Coping with isolation

I’ve been locked at home for almost three whole months. I was isolated for two months in China, as the virus situation was extremely bad in January and February. To continue my study, I transferred to a third country and was isolated for a fortnight while there.

When I finally got here the only result was that I have another 14-day isolation period, with a high study load. I feel I’m spied on by the hotel I live in now as I can’t even open the door to have ventilation. If I do, I get a phone call from the reception telling me not to do so.

I’ve been locked in prisons for doing nothing wrong, deprived with freedom or even the right to see the sky. So many troubles, the policy change, time difference adjustment, study load, sleeping problems, no food, apartment rental, life plan, parents’ divorce issue, Chinese discrimination… nothing is right. Who can help? I see little hope.

Thank you for reaching out, it is clear that you have experienced very challenging circumstances in these unprecedented times. It is understandable that you are feeling overwhelmed during this period of isolation. Like you, many Melbourne University students are experiencing stress and anxiety as they try to manage academic demands in addition to the far-reaching impact of the Covid-19 pandemic. You can find specific strategies and advice for coping during the Covid-19 pandemic here or you may wish to enrol in one of the Counselling and Psychological Services workshops on boosting your resilience and wellbeing during the Covid-19 pandemic.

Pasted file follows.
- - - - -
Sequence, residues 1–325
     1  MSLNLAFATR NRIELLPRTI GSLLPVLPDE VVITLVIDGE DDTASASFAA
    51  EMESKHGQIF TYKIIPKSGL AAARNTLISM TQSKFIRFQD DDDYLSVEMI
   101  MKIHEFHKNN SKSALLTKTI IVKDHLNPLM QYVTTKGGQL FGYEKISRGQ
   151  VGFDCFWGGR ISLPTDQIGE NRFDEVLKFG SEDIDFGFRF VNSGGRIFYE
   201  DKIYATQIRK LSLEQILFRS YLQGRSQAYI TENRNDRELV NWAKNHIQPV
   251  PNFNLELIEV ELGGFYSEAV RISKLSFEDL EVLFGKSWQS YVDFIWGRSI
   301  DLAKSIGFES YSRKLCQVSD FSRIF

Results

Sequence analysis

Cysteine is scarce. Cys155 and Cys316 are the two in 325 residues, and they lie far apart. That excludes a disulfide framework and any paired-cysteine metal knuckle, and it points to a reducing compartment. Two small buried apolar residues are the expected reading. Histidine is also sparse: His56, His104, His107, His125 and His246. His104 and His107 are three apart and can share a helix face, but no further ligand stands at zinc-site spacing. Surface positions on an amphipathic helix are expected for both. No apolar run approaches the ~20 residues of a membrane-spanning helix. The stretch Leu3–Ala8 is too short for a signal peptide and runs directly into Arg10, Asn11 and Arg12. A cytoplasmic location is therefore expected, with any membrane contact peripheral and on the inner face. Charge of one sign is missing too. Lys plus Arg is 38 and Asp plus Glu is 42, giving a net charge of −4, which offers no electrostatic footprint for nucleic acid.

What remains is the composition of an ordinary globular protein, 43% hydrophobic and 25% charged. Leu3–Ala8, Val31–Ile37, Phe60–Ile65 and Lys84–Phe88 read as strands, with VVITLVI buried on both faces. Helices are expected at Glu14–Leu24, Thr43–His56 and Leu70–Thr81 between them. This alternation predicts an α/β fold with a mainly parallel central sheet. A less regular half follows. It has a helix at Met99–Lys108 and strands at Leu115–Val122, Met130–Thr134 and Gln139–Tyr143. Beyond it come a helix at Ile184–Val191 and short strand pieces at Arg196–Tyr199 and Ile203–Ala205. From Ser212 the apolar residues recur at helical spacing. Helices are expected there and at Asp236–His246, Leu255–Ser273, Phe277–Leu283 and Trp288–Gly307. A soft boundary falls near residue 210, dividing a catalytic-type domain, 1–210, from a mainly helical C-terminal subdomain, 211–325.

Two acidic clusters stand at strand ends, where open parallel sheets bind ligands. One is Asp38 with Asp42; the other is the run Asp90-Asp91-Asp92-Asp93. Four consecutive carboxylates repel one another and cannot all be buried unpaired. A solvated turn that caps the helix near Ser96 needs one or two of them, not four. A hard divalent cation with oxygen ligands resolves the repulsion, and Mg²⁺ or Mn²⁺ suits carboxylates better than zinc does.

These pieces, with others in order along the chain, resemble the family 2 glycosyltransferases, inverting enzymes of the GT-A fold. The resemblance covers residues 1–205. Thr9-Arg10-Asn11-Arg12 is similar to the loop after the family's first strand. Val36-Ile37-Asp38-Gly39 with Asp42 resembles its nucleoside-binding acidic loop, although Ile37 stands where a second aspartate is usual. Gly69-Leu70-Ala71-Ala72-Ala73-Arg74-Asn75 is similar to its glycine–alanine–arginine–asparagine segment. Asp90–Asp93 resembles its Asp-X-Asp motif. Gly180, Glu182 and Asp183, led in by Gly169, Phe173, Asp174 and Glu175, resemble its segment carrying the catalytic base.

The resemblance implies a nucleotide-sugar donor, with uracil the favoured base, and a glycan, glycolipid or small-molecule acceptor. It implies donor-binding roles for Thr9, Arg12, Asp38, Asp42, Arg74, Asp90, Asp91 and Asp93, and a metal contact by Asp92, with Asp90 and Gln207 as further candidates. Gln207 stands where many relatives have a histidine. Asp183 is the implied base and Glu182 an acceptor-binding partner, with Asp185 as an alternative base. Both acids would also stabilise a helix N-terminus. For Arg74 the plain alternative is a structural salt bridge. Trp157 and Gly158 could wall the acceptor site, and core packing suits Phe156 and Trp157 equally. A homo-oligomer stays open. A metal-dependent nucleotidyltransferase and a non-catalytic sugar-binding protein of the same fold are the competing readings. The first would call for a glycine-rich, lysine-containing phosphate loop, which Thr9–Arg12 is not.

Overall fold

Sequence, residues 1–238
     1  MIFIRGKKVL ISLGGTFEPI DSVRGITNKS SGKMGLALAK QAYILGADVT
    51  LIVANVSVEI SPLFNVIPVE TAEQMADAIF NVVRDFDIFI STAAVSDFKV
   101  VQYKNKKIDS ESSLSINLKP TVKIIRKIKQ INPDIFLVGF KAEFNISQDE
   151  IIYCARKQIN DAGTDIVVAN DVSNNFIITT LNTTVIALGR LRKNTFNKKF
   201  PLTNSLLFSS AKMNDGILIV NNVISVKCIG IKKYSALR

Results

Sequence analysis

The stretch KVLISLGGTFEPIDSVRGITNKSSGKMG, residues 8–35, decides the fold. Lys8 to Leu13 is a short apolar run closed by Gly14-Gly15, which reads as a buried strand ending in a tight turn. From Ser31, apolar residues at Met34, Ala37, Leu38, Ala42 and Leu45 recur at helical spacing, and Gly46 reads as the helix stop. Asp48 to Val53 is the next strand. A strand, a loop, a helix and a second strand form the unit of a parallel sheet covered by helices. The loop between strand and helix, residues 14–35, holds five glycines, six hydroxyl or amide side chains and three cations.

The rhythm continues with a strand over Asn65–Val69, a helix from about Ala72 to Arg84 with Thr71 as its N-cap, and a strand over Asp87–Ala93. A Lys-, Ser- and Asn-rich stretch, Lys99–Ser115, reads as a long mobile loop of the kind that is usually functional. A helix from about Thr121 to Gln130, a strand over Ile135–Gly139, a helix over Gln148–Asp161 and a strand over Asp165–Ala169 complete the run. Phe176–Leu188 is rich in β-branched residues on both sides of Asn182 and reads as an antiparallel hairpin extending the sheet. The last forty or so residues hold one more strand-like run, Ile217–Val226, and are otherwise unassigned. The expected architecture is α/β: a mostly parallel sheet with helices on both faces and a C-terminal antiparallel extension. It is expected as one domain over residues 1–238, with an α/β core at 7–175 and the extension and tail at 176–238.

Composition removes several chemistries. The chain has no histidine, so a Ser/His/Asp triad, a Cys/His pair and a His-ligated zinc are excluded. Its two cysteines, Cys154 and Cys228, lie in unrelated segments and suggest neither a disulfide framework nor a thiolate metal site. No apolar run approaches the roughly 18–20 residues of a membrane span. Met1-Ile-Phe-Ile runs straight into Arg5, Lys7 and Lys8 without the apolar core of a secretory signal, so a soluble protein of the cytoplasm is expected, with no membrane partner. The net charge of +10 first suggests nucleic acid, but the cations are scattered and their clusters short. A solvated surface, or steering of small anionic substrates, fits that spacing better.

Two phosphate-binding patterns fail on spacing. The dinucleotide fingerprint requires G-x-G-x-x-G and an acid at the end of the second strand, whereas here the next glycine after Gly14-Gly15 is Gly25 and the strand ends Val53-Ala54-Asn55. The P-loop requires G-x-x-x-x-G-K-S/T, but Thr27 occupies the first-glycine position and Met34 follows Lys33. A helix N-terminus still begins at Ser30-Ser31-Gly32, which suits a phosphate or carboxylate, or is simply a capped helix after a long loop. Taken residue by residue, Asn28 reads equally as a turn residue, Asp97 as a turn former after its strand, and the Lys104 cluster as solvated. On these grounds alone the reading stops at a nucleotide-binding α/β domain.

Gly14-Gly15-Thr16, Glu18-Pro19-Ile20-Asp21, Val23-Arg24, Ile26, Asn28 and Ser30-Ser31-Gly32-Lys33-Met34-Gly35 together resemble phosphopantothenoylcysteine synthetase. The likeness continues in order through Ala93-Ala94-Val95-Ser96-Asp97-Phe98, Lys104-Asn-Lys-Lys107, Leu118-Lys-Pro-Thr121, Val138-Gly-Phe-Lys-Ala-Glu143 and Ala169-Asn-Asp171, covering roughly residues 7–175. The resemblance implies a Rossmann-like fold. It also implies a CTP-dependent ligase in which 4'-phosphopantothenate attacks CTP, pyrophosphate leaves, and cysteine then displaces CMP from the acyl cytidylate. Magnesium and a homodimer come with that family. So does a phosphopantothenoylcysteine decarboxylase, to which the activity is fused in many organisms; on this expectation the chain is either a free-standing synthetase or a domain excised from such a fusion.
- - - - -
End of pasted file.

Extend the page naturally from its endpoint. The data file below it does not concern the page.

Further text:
For most people, there is likely to be some impact on mental wellbeing when in circumstances of extended isolation from other people.  Hearing your story, I can imagine that there is a cumulative effect from multiple experiences of isolation which must be very hard to cope with.  It may be helpful to remember that although your period of isolation is very restrictive, that it is temporary and aimed at keeping you and others around you safe from Covid-19.

It may be helpful to try to build structure in your day to reduce feelings of restlessness, sadness or demotivation. Many activities that usually provide structure to the day have been affected for students, leading to difficulty focusing on tasks and remaining motivated. Socialising and regular exercise or sport are common activities that have been impacted and many students are turning to online platforms as a way of re-engaging with friends, family and other resources.

We know that social connection and physical exercise are both very important for our mental wellbeing. The Melbourne University Sport centre has developed some online resources to guide students who wish to exercise at home. There is also a new Melbourne University student resource called The Social Connection that has been designed to connect students and foster and sense of community while the University as a whole operates remotely.

If you think that speaking to someone would be helpful, then I would encourage you to book an initial telehealth consultation at Counselling and Psychological Services. As a student of the University this is a free and confidential service that can be delivered remotely and safely while you are in isolation.

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